Keenly aware that Peruvian officials had come perilously close to passing a law restricting Chinese migration in 1922, the group of Cantonese merchants and China Legation officials who compiled The Chinese Colony in Peru crafted it as a tool for self-defense. The album addressed Lima’s political elite. In a gesture to secure state protection for the Chinese community, the album began with an intense visual and textual appeal to state authority. Its opening pages paid homage to distinguished Peruvian political figures, including President Augusto B. Leguia and the Minister of Foreign Affairs Alberto Salomon, but also to the diplomatic officials of the China Legation, such as the Chargé d'affaires Yuming C. Suez, the former Chargé d'affaires Tsung Yee Loo and General Consul Juan F. Iglesias Chin. By paying homage to state authorities, the compilers of the album appealed to Peruvian officials to use their power to protect Chinese migrants’ rights as foreigners to run businesses, "under the protection of [Peruvian] laws, which always provide vast guarantees for their peaceful development (Colonia 1924, 13)."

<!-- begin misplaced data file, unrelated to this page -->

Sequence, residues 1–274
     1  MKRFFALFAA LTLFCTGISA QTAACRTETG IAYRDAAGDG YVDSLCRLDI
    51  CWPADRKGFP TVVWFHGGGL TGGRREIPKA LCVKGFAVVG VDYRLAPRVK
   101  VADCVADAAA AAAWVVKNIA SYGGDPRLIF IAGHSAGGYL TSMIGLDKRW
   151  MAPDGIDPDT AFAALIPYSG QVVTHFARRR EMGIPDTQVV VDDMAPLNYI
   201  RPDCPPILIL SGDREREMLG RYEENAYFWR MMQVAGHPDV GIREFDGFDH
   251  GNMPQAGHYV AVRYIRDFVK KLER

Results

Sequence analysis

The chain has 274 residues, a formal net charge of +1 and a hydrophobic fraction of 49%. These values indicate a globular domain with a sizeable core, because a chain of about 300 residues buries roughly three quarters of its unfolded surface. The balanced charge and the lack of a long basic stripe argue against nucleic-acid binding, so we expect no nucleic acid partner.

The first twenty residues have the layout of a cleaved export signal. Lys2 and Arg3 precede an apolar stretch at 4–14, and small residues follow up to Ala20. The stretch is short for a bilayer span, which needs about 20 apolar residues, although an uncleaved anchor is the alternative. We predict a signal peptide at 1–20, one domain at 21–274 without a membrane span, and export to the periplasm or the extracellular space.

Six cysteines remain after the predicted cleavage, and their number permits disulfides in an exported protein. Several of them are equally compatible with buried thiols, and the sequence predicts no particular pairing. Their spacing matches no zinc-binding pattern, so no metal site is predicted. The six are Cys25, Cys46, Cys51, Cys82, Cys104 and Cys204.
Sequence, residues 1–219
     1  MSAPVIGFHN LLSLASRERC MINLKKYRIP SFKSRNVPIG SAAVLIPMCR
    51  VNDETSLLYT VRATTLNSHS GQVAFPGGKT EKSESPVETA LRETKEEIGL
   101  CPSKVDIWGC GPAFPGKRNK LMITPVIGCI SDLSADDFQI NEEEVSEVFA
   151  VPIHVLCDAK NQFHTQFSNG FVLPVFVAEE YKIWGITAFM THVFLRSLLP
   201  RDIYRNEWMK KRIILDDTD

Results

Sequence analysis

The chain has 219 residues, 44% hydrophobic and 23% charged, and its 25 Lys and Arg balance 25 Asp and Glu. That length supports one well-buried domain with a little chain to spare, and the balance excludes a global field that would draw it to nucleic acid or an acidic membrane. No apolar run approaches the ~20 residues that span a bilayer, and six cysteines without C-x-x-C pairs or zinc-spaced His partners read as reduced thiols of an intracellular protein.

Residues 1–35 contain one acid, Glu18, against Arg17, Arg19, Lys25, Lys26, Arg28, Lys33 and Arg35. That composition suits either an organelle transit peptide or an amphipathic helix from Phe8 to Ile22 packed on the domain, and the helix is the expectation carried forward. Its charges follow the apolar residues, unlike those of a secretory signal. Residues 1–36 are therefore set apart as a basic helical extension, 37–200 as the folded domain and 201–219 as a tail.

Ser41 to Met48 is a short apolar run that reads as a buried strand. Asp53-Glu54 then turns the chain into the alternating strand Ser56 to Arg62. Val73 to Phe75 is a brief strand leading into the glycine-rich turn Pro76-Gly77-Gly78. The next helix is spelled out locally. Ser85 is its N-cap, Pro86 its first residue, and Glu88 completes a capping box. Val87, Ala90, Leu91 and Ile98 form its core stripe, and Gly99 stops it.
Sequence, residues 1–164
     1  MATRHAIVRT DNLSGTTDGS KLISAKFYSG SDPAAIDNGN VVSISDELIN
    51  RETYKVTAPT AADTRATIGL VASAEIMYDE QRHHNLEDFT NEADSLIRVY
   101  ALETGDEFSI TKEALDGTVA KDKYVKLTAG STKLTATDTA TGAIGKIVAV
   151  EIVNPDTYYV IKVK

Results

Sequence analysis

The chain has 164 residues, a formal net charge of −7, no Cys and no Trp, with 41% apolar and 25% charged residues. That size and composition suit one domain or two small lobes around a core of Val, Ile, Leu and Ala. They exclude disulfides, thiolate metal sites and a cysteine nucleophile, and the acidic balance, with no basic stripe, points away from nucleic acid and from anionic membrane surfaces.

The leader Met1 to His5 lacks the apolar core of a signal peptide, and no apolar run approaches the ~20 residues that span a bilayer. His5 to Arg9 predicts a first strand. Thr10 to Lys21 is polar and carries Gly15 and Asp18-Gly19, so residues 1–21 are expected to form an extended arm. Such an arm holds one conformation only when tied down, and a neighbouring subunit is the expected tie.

Appearing at a moment when President Leguia pursued a nation-making agenda driven, in part, by the desire to forge a modern cosmopolitan nation closely tied to the global market with a centralized state, the album appealed to state authority by reminding officials of the economic and patriotic contributions Chinese made to the Peruvian nation. The album reminded Peruvian officials of the taxes and customs fees their import-export businesses contributed to the state treasury. It also reminded Peruvian officials of the many public buildings and monuments that Chinese communities across Peru gifted to local communities, including a locale for the Fiscal School in Huacho, a small plaza in Barranco and a public fountain in Miraflores (21-22). The largest contribution, featured prominently in the introductory pages of the album, was the fountain the Chinese community commissioned in 1921 in commemoration of the nation's centenary for Lima’s Park of the Exposition (21a-21d, 23-24). By commissioning public buildings, plazas and monuments at a moment when the Peruvian state promoted the installation of statuary across the city, part of an effort to assert the growing role of the state in the public sphere in conjunction with an urban modernization program, the merchants behind the album affirmed Leguia’s state-making agendas, positioned themselves as contributors to these state-driven projects and appealed to the Peruvian nation as patriotic subjects. Through the album Chinese elites strategically downplayed their Chinese national identities in order to assert their political and economic rights as foreign residents and to position these rights and themselves in relation to the Peruvian state’s nation building agendas (McKeown 2001, 170).